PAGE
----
•  it is also because it is the second finale of three.  Personally i like ESL more than Pascal.

  • "And the group's final grades perfectly encapsulate who everyone is."
    The fact that this show and its fans think people's souls can be rendered in test scores says all that you need to know about it.

  •  Hey, I'm a prof! My students are meaningless to me beyond their test scores.

  • Yeah the GWH spoof is hilarious, and I even kind of like that movie.

  • Eric, it's OK to like GWH. Don't let the AVC snooterati get you down. It's not your fault. It's not your fault…

  • Not quite; Modern Warfare, English as a Second Language, and Pascal's Triangle Revisited were always the last three episodes of the season, it was the three before MW that they went back and shot when the season order was expended. Art of Discourse was the last episode shot for the season.

  • DavetheDouchebag

    That scene with Jeff breaking down Annie is excellent. You can understand why Jeff is so angry, yet you just feel so sorry for Annie at the same time. Like all the best art, it doesn't point fingers or assign blame. Alison's face is so exquisitely emotional you can truly believe it would break through Abed's shell.

  •  Apparently Joel improvised that bit about the Disney face which is mightily nice of him:



  • "You are insecure! Because you didn't get hot until after high school!"

  •  It's good that this review comes so close to the return of the show: it is the crowning achievement of three months' worth of discussion and posting!

    The tragedy of the casting of Joel McHale (host of TV’s brilliant the Soup) is
    that it shows Dan Harmon’s fundamental inability to understand the world around him. On the Soup, Joel is the anti-cynic; he resists the perversity and destructiveness of modern culture with a brave rebelliousness worthy of The Simpsons. Harmon cannot understand the difference between snark and satire, so he cast’s Joel as an idealized version of himself, a shallow, cynical, but oh so very hip, loser.

    And that, ladies and gentlemen, is why I watch the Soup!

  • DavetheDouchebag

    Not having seen much of the Soup, I'm glad Armond's thoughts on it were so satisfying for the shows fans.

  •  That scene where they all start speaking Spanish is my favourite part of the episode.

  • Having read what Armond wrote…..even for the internet, it's pretty shocking.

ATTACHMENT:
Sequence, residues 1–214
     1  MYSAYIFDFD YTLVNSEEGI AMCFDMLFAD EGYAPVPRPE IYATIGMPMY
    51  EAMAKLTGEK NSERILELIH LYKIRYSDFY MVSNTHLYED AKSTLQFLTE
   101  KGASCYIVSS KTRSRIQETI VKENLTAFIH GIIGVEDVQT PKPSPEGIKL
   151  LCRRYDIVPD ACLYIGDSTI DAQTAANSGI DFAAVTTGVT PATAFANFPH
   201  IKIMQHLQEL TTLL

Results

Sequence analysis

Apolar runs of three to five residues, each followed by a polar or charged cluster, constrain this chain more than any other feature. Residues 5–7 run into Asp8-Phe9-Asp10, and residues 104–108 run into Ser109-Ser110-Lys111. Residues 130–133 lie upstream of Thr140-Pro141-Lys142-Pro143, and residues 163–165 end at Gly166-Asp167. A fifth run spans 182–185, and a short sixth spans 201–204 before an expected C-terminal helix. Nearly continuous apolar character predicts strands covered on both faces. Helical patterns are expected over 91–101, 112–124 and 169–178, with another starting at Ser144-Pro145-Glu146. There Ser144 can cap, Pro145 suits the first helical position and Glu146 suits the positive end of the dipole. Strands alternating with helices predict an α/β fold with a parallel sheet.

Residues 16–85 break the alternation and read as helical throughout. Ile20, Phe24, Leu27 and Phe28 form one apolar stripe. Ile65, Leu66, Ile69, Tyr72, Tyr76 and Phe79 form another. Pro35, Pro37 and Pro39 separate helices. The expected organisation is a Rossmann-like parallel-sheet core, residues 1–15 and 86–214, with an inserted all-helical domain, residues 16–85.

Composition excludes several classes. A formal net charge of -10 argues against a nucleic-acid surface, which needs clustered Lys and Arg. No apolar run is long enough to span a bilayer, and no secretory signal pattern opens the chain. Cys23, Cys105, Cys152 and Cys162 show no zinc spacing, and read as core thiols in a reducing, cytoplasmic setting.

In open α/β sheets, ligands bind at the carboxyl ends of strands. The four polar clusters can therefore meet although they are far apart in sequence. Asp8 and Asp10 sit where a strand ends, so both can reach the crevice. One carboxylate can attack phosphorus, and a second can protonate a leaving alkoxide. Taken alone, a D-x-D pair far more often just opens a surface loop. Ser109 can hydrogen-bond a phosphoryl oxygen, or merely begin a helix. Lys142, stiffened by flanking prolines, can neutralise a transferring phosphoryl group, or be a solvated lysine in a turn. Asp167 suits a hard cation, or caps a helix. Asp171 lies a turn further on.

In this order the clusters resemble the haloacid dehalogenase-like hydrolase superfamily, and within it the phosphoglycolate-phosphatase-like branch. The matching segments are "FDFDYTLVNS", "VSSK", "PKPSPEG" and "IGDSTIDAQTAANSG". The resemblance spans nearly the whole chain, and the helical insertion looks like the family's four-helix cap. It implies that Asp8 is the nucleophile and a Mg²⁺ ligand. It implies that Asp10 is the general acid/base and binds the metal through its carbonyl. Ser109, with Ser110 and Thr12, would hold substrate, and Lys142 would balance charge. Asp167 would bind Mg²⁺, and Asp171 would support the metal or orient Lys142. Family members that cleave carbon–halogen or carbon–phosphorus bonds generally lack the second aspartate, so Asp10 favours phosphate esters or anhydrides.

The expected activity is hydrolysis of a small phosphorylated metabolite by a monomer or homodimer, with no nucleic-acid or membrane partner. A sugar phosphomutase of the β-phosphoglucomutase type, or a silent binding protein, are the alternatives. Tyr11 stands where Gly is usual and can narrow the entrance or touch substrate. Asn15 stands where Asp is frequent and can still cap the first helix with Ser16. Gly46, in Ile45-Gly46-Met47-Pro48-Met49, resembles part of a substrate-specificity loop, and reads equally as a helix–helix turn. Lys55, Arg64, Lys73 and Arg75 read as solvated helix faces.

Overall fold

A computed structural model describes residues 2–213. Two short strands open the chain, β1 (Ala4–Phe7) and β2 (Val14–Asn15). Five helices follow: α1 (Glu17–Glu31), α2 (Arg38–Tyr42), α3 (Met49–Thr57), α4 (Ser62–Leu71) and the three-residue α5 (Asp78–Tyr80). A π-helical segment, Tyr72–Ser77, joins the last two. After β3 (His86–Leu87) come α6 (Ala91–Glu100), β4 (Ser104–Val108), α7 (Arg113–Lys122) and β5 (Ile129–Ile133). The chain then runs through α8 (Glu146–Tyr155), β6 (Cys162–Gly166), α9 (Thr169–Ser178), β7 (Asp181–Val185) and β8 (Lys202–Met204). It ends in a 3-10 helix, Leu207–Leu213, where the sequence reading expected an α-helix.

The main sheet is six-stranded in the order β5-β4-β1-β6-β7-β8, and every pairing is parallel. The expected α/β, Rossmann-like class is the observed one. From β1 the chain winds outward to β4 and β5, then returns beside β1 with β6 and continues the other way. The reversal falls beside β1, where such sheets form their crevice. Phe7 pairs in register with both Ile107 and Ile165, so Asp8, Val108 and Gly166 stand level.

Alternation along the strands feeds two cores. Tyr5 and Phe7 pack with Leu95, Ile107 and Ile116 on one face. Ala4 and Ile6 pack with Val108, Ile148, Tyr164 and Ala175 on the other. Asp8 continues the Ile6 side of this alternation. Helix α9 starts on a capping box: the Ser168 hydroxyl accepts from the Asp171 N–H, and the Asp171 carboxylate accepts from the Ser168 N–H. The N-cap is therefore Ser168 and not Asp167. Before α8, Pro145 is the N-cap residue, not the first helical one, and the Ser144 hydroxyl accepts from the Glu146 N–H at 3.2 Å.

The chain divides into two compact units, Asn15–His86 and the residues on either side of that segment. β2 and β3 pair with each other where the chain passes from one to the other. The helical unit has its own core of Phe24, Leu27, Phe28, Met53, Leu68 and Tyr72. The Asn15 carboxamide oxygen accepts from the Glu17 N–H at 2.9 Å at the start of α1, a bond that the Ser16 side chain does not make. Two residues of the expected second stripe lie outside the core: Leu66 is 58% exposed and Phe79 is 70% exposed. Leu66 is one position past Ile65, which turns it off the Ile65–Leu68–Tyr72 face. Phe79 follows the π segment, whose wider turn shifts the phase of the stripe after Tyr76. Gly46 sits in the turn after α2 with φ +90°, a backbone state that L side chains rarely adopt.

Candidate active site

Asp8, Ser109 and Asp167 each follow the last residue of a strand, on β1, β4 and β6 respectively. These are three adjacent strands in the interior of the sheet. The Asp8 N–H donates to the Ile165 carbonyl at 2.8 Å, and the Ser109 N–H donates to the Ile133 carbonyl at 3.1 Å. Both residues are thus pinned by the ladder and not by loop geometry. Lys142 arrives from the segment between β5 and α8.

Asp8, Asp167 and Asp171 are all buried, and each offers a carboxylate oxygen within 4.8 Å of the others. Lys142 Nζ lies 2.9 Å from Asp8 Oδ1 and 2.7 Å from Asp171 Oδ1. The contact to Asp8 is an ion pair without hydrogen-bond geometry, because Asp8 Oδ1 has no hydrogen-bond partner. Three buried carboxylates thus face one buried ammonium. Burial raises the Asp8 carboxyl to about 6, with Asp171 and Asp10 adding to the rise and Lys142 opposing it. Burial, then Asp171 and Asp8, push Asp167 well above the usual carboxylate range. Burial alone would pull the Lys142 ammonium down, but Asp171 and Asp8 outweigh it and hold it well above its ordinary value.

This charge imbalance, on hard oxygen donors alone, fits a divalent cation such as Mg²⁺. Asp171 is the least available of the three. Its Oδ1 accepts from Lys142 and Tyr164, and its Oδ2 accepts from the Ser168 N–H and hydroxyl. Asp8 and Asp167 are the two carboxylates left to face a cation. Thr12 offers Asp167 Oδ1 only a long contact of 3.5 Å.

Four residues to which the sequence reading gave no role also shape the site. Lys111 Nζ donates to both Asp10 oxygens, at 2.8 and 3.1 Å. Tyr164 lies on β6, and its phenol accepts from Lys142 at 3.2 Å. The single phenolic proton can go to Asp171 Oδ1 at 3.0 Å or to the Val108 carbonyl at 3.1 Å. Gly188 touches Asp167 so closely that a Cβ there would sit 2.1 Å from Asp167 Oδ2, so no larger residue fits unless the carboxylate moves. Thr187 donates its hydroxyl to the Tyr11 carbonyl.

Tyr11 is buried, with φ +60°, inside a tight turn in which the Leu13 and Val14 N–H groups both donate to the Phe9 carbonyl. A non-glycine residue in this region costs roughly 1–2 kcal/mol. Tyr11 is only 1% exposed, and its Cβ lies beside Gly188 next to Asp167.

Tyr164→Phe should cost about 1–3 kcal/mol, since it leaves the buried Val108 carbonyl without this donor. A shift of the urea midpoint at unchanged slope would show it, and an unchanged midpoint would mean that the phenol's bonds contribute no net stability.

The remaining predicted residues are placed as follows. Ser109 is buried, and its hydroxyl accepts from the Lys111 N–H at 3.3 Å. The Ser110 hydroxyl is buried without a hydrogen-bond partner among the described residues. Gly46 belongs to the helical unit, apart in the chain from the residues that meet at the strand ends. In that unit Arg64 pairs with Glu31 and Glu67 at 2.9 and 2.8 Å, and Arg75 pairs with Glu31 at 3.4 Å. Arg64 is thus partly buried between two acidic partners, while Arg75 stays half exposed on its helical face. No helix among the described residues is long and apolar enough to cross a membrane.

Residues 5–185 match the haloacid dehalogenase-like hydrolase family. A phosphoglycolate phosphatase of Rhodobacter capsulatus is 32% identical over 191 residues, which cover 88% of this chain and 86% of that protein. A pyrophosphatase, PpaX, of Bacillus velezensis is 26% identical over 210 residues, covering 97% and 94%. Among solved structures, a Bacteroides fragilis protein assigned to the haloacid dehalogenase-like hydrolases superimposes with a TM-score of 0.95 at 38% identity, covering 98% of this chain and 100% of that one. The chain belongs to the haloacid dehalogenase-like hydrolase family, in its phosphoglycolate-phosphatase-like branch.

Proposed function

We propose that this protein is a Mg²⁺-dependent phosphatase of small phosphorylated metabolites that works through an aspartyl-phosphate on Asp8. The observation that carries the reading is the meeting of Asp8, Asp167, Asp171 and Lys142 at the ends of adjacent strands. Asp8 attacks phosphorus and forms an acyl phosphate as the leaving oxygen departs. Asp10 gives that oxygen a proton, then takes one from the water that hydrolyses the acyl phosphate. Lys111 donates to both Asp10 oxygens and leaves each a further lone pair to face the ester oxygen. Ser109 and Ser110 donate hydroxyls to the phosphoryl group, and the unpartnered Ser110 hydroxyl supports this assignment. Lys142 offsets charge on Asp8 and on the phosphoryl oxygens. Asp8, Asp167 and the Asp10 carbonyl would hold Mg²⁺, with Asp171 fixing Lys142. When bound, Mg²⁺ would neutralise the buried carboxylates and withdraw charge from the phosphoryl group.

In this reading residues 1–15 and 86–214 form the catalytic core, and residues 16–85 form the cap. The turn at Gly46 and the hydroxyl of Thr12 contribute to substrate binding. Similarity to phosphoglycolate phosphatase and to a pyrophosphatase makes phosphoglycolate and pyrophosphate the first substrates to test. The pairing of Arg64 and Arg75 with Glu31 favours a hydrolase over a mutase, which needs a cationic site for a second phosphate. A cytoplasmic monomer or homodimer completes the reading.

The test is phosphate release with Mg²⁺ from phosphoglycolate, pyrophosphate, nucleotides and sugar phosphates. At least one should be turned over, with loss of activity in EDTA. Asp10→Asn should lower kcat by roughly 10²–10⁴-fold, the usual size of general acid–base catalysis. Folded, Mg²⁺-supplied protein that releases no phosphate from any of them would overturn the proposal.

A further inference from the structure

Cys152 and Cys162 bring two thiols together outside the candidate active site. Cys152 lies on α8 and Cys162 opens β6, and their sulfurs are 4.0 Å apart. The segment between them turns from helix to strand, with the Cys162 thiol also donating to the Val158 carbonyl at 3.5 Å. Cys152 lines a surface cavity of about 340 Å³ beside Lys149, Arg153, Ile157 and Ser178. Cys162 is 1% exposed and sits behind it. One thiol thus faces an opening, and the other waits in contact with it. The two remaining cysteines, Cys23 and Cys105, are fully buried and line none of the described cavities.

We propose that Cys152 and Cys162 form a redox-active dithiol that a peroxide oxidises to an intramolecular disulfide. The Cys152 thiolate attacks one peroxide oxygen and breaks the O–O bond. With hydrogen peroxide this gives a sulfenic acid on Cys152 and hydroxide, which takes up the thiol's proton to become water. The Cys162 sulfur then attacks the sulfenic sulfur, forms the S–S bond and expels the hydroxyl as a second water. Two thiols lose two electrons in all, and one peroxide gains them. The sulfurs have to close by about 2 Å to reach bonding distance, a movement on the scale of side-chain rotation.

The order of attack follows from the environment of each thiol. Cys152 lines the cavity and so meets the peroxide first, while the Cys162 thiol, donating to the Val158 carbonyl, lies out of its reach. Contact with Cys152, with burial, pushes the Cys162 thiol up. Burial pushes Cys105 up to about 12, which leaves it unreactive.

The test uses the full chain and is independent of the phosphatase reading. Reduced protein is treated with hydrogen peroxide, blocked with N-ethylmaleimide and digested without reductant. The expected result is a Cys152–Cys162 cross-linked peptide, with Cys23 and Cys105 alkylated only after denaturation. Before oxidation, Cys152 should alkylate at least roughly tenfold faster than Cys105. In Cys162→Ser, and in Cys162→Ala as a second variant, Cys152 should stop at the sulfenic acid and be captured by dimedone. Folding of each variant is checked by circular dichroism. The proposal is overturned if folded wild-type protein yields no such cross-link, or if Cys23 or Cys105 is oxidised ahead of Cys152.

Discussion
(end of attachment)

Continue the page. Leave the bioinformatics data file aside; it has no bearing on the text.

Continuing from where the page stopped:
Of all the secret classic episodes in S1, this is the secretest and the classicest. I like that they made a bookend to the Spanish class Even though it isn't as important as the relationship stuff and group dynamics in "Warfare" and "Pascal's", it shows the completeness and density of the show's campus-world. Really, the whole episode has that great feel where all the pieces, the jokes and conflicts, fit so smoothly into the overall atmosphere. Plus, it brings to a head stuff with Chang (an abusive, crappy teacher) and Annie (unable to hide her powerful neurosis) that the season would've been remiss to just let go.

    I suppose it does get away with Annie doing something pretty over-the-line in getting Chang fired without too many consequences (although at least the emotion of it is addressed), and with everyone passing in spite of never learning much Spanish (Pierce nailing the teacher's a cute ending but comes out of nowhere).

    Still, how many comedies are well put together enough to have an episode that ties up all these loose ends while still having it's own satisfying story, just stringing together even bigger plot-heavy eps? Not to mention Annie's "You don't like it? I was going for kind of a Professor thing" being the greatest hint/spoiler for attentive fans ever. I'm not saying I'm the only one who knew they were going to kiss the next week….but I am saying I totally knew.

    My roommate, Unregistered Guy named Derrick, watched this episode as well, and he'd like to add that he thinks I spend too much time on the internet, and could I keep it down, some of us have work in the morning.

  • DavetheDouchebag

    What was most shocking about Armond's review? Most of the discussion has been about the episode itself, which is great of course, but me and Armond want to know what people thought!

  • "Even for the internet, it's pretty shocking" is a line from The Office. I thought it was wryly funny. He's probably right about the racial condescension, even if he doesn't really think he is.